Perhaps the most revered coach ever, John Wooden, had a pet saying:
“Sports do not build character. They reveal it.”
In many cases, Wooden’s heirs are not helping matters.
“You’ll have someone who’s otherwise a great coach,” said anti-domestic-violence advocate Ted Bunch, “and they might say to a kid, ‘You’ve gotta throw harder, you’re throwing like a … and you know what the next word is. This coach is not trying to harm girls, but is teaching boys not to value girls. We consciously and unconsciously do things that devalue women.”
That’s why Bunch and Tony Porter launched A Call to Coaches, to help “teach our teachers, empower them to give the right kind of message” in Bunch’s words. The organization will hold a seminar Friday at the Minneapolis Convention Center. The sessions are free thanks to sponsorship by Verizon, and still have openings for interested coaches who would like to attend. (Register here.) The clinics have drawn 300 to 500 participants at stops in Seattle, Baltimore and Charlotte, N.C.
It’s all part of a larger goal built around combatting domestic violence and abuse against women and girls. This group is an offshoot of New York-based A Call to Men, which was founded a decade ago by Bunch and Porter.
Along with Bunch, Porter and Vikings wide receiver Greg Jennings, one of the presenters will be Duluth Marshall boys’ basketball coach Carl Crawford, who has spent much of his adult life mentoring young men.
“I definitely believe that hate begets hate, and that’s where love and understanding come in,” Crawford said. “Someone has to come in and break that chain of hatred, and most of us don’t even have the tools to understand the signs [of abusive behavior]. Sometimes anger and hate are the only tool [teenage boys] have to deal with conflict.”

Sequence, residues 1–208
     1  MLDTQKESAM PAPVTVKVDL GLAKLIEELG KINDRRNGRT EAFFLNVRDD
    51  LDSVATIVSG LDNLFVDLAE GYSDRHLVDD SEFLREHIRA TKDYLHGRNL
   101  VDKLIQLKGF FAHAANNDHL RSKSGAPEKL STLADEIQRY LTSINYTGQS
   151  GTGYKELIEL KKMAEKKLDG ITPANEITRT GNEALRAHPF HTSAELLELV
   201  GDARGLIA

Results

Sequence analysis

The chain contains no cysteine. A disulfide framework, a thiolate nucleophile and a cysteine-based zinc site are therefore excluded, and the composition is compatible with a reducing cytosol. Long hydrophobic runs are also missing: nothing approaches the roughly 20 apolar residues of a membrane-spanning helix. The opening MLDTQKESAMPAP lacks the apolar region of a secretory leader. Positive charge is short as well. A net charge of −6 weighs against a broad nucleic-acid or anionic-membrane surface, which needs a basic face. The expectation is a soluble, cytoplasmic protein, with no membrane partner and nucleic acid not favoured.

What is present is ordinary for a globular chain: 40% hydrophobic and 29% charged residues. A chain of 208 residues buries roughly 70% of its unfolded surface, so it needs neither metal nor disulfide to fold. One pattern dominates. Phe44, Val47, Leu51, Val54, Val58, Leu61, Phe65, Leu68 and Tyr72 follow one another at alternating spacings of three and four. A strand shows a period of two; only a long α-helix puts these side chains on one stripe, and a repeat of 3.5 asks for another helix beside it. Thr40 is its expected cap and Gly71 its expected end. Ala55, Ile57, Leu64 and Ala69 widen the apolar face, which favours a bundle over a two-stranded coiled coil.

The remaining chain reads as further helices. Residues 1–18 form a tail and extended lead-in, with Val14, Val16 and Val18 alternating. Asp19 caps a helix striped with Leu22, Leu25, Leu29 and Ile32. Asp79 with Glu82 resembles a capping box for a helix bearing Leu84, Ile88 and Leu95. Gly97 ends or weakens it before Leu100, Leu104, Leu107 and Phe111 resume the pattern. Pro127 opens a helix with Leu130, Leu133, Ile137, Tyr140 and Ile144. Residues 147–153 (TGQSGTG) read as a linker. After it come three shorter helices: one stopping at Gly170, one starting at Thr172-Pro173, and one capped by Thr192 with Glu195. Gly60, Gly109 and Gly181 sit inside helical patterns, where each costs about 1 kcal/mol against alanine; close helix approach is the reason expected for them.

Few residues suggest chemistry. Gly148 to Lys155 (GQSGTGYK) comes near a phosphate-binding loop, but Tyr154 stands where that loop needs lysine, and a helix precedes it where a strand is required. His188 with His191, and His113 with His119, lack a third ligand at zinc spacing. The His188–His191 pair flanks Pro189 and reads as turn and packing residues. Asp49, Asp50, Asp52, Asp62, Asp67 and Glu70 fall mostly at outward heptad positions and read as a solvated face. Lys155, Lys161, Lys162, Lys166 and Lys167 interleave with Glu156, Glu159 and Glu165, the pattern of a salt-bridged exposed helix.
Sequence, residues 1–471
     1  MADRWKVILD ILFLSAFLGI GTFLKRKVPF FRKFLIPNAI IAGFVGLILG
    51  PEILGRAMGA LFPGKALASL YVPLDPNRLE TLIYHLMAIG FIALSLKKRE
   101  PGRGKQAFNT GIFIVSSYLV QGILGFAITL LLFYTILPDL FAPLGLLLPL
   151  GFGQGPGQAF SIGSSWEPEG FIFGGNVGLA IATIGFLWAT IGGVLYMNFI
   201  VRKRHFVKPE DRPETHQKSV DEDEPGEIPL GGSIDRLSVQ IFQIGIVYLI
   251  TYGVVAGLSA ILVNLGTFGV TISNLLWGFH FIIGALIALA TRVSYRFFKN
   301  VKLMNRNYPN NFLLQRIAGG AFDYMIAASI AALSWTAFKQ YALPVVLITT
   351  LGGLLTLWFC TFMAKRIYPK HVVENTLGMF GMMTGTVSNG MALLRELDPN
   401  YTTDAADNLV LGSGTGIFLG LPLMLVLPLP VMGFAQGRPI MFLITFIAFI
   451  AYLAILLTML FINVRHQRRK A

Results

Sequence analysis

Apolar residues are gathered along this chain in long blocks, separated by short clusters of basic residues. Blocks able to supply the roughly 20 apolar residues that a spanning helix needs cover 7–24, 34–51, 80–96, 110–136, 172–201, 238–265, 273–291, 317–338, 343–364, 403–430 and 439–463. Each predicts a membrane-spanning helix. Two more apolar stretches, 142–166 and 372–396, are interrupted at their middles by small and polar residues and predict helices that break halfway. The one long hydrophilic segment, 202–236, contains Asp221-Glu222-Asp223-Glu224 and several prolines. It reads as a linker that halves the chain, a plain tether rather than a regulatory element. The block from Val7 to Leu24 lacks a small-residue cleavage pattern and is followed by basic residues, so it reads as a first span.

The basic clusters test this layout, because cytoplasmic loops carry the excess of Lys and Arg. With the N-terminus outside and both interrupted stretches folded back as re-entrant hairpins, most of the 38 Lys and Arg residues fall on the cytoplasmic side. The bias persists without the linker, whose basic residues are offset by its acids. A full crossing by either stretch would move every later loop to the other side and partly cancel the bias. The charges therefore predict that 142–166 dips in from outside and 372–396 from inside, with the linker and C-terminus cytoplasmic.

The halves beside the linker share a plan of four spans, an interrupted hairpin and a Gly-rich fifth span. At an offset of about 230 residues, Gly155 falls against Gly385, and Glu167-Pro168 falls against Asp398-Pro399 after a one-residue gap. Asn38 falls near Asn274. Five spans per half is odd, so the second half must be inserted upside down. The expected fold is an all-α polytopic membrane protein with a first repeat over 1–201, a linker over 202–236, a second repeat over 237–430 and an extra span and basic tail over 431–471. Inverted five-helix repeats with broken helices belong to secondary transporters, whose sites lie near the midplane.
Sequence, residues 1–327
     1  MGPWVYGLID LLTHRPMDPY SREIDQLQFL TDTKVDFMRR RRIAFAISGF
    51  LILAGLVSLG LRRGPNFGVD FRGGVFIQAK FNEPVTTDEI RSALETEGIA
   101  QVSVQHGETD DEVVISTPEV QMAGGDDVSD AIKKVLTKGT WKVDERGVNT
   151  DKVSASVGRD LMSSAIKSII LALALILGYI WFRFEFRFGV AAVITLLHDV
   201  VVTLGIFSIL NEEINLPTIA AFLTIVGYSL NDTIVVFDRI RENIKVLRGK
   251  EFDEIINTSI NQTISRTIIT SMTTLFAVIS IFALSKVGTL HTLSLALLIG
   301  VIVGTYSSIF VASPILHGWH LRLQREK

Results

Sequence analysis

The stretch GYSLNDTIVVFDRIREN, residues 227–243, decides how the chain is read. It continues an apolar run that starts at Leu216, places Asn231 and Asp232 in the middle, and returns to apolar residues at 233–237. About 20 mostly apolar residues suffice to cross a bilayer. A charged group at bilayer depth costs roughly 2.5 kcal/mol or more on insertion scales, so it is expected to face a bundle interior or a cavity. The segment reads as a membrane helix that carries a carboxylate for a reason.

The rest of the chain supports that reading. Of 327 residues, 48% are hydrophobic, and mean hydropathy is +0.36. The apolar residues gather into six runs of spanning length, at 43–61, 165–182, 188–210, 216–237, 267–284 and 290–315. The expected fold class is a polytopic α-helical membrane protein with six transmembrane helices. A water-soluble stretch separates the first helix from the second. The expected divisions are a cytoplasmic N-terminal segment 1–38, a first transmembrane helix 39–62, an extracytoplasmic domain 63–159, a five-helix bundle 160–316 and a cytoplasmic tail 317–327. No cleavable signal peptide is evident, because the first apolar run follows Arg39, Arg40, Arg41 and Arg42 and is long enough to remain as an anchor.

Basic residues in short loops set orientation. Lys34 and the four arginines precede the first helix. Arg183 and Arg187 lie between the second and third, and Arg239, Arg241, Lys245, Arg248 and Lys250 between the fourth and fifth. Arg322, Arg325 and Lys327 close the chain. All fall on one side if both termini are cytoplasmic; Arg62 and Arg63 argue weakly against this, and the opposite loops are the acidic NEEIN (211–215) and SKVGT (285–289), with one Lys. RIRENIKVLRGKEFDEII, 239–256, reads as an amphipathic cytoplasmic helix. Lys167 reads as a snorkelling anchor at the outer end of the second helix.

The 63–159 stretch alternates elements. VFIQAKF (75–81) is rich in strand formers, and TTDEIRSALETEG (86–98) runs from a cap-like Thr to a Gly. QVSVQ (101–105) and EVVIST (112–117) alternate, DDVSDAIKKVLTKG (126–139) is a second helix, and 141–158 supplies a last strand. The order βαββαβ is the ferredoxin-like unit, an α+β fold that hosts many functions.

The clinic’s goal, said panelist Aaron Glass, is to help coaches know how to guide the boys and young men playing for them toward “healthy and respectful manhood.” He defines that as having three components: “The first is to have respect for oneself, then to have mutual respect for others and the third is to have some sense of community.”
Social media changed the game
Bunch said the program is “trying to go upstream around the issue” for reasons beyond the seemingly endless cycle of domestic and peer abuse.
For starters, age-old behaviors such as bullying, homophobia and misogyny now take place not only on the field and in the classroom but in the virtual world of social media.
“Technology completely changed the game through cyber-bullying,” Crawford said. “Young men have more access to negative information and how they can use it. I see coaching as an opportunity to address that.”
In addition, today’s boys generally have less supervision than did their predecessors, Glass argued.
“There is more opportunity for boys to venture down wrong or unproductive paths,” said Glass, a Verizon executive director and father of five.
How much has changed?
Bunch argues that a man’s upbringing and self-image have changed little in recent years.
“Our belief is that men are accustomed to being abusive because they are taught to be in control,” said Bunch. “The ‘man code’ has been: Be tough, don’t cry, take charge, don’t show any fear, be in control, you wear the pants in the family. Some of those are helpful in moderation.
“But we don’t develop the emotional side that is beneficial. It’s OK to ask for help, it’s OK to be afraid, to acknowledge fear and say ‘I’m going to face it.’ Social norms have not necessarily caught up.”
Bunch added that he firmly believes many of today’s mentors can slow if not stop this pattern. Coaches want permission to let up on the machismo. They don’t want to be as hard with their players, he said.
“If the coach wants [a player] to go through that wall — if that kid knows love is on the other side of that wall — he’ll go through it much more than if he’s intimidated into doing it,” Bunch said. “We’re trying to teach the teachers — empower them to give this kind of message.”